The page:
Money, banking & insurance
The structure of public spending has changed significantly over the past generation. Perhaps the most dramatic shift (in the UK and parts of Europe at least) has been the move away from government to private provision, especially in health and pensions. Nevertheless, the most dramatic trend of all - the ageing of society and how we will pay for it - has yet to bite.
Unfortunately, many governments are hugely in debt and with fewer people entering the workforce (and more leaving it) there are fewer funds for public spending. In 2011, 17% of people in the UK were over 65 and, in fifty years, this could be 26%. The shift is even more dramatic for the elderly. Those over 85 currently make up 2.3% of the UK population, forecast to be 7.3% in fifty years. As a result, state spending on pensions is predicted to rise from 5.5% to 7.9% of national income by 2060, even though state pension age is increasing to 68.
Health spending will rise even faster. It will consume 7.4% of national income by 2015 and 9.8% by 2060. If you include non-age related increases, the UK could easily be spending 15% of GDP on health by 2060. Thus health plus pensions equals 50% of public spending! This sounds high, but public spending on health, social security and social care has already risen from around 33% of public spending in 1979 to around 50% today. Over the same period, education, defence, housing and industry support remained stable or shrank.
So who or what will pay for all this? The most likely answer is tax. VAT (currently 20%) could go up or items that are currently exempt (food and financial services) or enjoy lower tax rates (domestic heating) could be taxed at the full rate. Given declining revenues from transport fuel duties (due to widespread electrification of transport) road pricing will almost certainly be extended and income taxes levied on previously taboo areas – for example, pensions tax relief.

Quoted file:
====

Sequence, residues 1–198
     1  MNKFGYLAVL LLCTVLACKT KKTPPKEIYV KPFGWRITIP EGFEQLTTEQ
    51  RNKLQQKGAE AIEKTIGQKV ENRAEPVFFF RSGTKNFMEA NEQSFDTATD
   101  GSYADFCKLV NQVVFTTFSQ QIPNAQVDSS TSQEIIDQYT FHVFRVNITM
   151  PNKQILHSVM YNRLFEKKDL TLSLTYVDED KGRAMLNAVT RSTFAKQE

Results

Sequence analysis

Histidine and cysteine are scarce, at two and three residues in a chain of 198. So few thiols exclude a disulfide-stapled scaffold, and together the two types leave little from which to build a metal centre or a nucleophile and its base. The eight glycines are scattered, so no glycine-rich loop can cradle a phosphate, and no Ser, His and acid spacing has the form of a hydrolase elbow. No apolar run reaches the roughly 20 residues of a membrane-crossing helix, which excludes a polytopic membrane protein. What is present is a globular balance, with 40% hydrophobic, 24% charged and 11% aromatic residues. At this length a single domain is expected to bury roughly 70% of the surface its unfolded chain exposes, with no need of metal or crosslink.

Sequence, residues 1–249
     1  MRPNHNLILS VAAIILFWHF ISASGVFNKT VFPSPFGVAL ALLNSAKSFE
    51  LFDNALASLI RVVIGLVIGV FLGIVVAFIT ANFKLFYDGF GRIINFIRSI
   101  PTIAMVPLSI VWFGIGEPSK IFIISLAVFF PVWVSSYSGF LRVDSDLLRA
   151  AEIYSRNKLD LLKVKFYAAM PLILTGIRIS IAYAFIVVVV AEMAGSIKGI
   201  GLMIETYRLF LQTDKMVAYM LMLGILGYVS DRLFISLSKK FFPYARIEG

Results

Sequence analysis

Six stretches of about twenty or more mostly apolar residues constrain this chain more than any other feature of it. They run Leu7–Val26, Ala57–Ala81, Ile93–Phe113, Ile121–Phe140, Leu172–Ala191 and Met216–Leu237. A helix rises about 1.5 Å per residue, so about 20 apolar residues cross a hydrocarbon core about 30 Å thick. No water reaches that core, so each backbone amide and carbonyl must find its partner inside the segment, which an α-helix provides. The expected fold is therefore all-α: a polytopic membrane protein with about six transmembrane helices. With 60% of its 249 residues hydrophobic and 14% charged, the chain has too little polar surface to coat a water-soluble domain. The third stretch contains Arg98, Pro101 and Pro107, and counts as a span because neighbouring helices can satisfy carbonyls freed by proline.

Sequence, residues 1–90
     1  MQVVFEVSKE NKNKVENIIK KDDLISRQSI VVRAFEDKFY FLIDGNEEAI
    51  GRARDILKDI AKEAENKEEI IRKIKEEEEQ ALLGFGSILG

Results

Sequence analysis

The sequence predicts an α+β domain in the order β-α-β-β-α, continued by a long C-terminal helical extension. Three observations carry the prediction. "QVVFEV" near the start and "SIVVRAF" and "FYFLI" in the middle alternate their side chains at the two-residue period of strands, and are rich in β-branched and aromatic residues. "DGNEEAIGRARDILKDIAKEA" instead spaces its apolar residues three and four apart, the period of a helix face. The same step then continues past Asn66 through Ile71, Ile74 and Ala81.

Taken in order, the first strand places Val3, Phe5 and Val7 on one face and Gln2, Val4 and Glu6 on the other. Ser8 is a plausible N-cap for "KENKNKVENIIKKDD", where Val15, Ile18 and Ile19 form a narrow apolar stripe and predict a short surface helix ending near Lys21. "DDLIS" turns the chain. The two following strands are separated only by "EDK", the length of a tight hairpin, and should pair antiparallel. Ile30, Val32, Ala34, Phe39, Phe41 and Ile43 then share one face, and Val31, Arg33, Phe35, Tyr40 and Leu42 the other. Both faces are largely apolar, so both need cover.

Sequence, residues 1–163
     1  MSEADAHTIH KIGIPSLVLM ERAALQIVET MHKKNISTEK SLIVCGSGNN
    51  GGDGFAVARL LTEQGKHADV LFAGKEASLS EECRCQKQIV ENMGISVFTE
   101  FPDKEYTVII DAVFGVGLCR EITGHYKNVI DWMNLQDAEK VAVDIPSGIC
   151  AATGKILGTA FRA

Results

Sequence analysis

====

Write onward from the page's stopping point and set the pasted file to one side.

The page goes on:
Another likely target is wealth rather than income, especially wealth tied up in real estate. If the role of the state were to move towards that of an insurer –a safety net for individuals who cannot afford to look after themselves – then people might be asked to contribute the first ten or twenty thousand towards healthcare costs. For example, the state might only step in when healthcare costs go beyond a certain point or personal savings become exhausted. Could it be the idea of handing real estate down from one generation to the next is widely abandoned in favour of wealth de-accumulation while the owner is still alive?
There are a few fatal flaws with this argument. First, most of the numbers are based on extrapolations from current trends. What if, for instance, longevity started to reverse due to lifestyles? Second, there is little or no debate about the possible consequences of technology. Perhaps the future is much brighter than we think because of the productivity of machines. On the other hand, technology is creating less work, not more, and there has to be recognition that people are not going to have enough work in the future unless we reduce technology or create other kinds of work. This is a serious problem, especially for our youth and the middle aged.
A second thought is that spending on health is primarily the purchase of pharmaceuticals and expensive diagnostic machinery, which are sold at alarming premiums to governments all over the world. Is this really health? Until we move our health systems away from mass drug-taking, to healthy lifestyles that do not depend on drugs the debt issue relating to health will not go away. If drugs were not subsidised by governments, people would not be so willing to take them. Much drug taking is simply a way of avoiding making a change to a more healthy way of life. Easier to take an anti-cholesterol drug than eat less cheese. This is the most serious problem of all – lack of responsibility for one’s health. This is the challenge of a generation and governments are too weak to face up to it.
Ref: Prospect (UK) February 2012, ‘Challenge of a generation’, by P. Johnson.
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Search words: Public debt, ageing, work, pensions, health
Trend tags: Ageing
A cognitive elite